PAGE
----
JIM FLAHERTY: This is the old-fashioned “let’s not deal with the facts, let’s just blame Ottawa” approach. I mean, these are two provinces that have serious deficits and public debt issues. And I don’t wish them ill. As I said the other day, I wish them good fortune. But I want them to deal with their issues. I don’t want them to let the problems fester and grow worse and then come to the federal government looking for some support.
PO: I want to come back to two issues that I skipped over before. One was the investment for Aboriginal peoples to fully participate in the economy.
JIM FLAHERTY: Right.
PO: This came out of the summit between the Prime Minister and the Aboriginal leadership.
JIM FLAHERTY: That and the national panel that had looked at this. This is a major investment in this budget in Aboriginal education, in bricks and mortar and in the educational system itself.
PO: Clearly Ottawa’s looking, for its $10 billion a year, for accountability and better outcomes, especially in education and health.
JIM FLAHERTY: Absolutely, and there’s a clear jobs and prosperity agenda here. One of the major groups in Canada that need to be more engaged in jobs is the Aboriginal youth population.
PO: Right. And on resource development, shutting down the National Roundtable on the Environment and the Economy, attaching some strings to the tax deductibility eligibility of certain environmental groups that accept, shall we say, money that’s offshore to fight the oil sands and the pipelines such as Keystone and Northern Gateway. But the one that struck me the most is not really a budgetary thing — better timelines in terms of reviews, right?
JIM FLAHERTY: Yes.
PO: Environmental reviews.
JIM FLAHERTY: One project, one review, with a deadline.
PO: That’s an unusual thing for a finance minister to be putting in the budget.
JIM FLAHERTY: Well, as you’ve known over the years, budgets aren’t just about numbers. They are about long-term government policy, and I think later on, in a year, two or three years, people will look back on this budget and say it laid out the road map for the Harper government well into the next decade.
PO: All right, and then there’s the humble penny, which is leaving us.
JIM FLAHERTY: Yes.
PO: And when you read in the budget papers that it cost 1.6 cents to produce every 1 cent, if you ran a business that way, you wouldn’t be in business for very long.
JIM FLAHERTY: Right.
PO: Those aren’t very good margins.
JIM FLAHERTY: Nope.
PO: Is there anything about the penny that you’ll miss?
JIM FLAHERTY: No. You know, the small business associations all wanted us to get rid of the penny, because there’s a handling cost to pennies. And we finally came around to the right way of doing it. We looked at other countries; you know, it’s like that advertisement that’s on television now. My bank fees are too high, my bank fees are too high. The woman on the side says so stop doing it.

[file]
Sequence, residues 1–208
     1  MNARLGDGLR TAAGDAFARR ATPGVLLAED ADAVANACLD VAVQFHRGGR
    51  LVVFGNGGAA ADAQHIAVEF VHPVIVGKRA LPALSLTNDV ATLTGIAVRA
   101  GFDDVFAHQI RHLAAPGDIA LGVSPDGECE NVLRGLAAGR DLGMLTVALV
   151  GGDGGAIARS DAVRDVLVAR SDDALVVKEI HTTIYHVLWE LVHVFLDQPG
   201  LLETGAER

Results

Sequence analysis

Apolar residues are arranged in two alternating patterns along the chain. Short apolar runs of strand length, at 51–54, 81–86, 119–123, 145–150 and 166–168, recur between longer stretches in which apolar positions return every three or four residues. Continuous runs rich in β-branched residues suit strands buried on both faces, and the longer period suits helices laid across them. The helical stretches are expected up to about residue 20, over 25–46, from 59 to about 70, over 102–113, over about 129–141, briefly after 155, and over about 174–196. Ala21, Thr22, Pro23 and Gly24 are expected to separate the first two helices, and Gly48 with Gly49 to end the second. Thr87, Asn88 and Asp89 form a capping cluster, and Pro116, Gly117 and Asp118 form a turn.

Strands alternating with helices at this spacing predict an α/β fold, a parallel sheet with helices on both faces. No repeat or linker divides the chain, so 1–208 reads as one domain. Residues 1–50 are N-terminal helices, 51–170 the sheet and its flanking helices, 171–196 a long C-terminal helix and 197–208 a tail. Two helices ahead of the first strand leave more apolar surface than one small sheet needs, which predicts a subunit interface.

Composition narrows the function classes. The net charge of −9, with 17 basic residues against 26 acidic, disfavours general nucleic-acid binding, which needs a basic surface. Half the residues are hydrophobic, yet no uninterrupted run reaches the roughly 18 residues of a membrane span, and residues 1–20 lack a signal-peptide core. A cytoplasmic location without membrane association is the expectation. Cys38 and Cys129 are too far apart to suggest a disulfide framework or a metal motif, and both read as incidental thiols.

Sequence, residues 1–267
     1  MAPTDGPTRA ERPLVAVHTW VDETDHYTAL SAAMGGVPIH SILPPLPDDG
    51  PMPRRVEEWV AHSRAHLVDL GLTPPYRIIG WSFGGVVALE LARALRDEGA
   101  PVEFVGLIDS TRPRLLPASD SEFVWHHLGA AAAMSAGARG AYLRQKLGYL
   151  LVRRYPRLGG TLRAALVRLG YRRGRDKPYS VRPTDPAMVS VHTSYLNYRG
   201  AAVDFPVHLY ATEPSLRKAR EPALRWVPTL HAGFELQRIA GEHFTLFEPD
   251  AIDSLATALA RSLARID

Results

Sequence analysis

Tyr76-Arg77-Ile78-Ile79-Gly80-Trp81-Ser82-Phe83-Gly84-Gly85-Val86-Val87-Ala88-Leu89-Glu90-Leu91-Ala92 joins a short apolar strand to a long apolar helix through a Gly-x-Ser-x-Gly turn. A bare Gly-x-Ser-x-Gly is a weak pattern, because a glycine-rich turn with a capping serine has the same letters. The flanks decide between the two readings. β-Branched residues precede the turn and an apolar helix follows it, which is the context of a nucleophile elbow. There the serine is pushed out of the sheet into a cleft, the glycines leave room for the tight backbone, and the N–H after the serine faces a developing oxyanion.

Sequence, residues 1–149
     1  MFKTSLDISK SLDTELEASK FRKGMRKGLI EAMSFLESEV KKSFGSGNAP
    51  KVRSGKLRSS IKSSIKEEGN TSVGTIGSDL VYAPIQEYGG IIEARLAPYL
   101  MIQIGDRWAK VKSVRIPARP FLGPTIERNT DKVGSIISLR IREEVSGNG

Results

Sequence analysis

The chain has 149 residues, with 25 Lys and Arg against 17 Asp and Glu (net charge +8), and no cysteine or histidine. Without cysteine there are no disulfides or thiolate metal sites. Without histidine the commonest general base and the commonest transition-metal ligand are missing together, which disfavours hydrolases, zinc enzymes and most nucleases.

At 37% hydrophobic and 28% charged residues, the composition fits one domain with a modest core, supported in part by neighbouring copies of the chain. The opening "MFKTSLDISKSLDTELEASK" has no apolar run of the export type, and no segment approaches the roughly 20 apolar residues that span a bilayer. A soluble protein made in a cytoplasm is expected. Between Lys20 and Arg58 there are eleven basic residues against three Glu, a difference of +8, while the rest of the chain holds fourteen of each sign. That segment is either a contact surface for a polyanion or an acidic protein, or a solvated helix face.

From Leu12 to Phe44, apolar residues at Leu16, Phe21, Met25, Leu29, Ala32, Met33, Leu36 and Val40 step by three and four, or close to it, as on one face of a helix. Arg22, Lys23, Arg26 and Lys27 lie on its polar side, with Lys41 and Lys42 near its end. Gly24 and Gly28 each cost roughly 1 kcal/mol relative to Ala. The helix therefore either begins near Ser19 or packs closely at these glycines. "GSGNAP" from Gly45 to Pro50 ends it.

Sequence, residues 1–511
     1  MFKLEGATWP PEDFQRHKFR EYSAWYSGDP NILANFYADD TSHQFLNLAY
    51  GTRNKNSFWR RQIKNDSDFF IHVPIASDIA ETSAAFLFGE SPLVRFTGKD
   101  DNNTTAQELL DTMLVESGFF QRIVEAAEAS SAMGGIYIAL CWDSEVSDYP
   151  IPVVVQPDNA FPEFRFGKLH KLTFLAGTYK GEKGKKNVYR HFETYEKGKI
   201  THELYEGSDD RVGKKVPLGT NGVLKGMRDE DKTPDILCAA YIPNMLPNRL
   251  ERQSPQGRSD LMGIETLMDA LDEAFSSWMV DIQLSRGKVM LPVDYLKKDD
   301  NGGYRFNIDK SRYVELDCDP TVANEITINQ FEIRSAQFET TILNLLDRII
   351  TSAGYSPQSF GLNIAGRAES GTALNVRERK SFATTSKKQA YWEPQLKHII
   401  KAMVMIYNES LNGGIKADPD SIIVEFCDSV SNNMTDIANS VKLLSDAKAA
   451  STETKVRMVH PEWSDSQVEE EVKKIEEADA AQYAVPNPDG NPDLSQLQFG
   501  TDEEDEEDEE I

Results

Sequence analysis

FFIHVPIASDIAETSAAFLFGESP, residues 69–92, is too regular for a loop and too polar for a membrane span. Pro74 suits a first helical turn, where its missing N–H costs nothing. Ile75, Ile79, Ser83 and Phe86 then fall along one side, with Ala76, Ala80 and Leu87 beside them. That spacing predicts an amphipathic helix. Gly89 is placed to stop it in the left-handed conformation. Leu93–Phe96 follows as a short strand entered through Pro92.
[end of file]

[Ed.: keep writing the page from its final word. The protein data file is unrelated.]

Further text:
So that’s what we’re doing. We’re just stopping doing it. There’ll be some pennies out there for a long time. There are billions. And I’d like to say there are billions in circulation, but they’re actually not. People hoard them, they put them in jars and on their dressers, so they’re not in circulation. We keep having to make more of them. So I hope this will bring all these pennies out of their prisons, and I hope the Boy Scouts and Girl Guides and all the other charities will go on penny drives and that they’ll make lots of money for charity out of retrieving pennies.
PO: In your budget speech, you quote Sir George Foster, Sir John A. Macdonald’s finance minister, to the following effect, “We should not be thinking overmuch of what we are now, but more of what we may be in 50 or a hundred years hence.” And you also quoted Sir John A. himself saying, “Looking a little ahead.” How do you feel about this budget in both those regards, looking a little ahead and the longer term?
JIM FLAHERTY: I’m very proud of it because it’s our first opportunity to look significantly down the road. The other budgets were all in minority governments. We always had to, having prepared the budget, say okay, what is there in this budget that could cause an election? We didn’t have to do this this time.
It would have been very difficult to do the OAS reform and many of the other reforms in this budget were we in a minority government.
PO: And how do you feel yourself about, this is what, your seventh or eighth budget now, or seventh?
JIM FLAHERTY: Seventh.
PO: I think you’re the ranking finance minister in the G7 and the G20. How do you feel about your shelf life as Finance Minister?
JIM FLAHERTY: (laughs). I think all politicians have a shelf life, and I think it has a lot to do with television. We get so much television exposure that I think at some point people just get tired of looking at us.
PO: And you know, speaking about shelf life, this is the sixth time we’ve had this conversation, and it will be the last one. So thank you for these conversations and interviews over the years.
JIM FLAHERTY: My pleasure.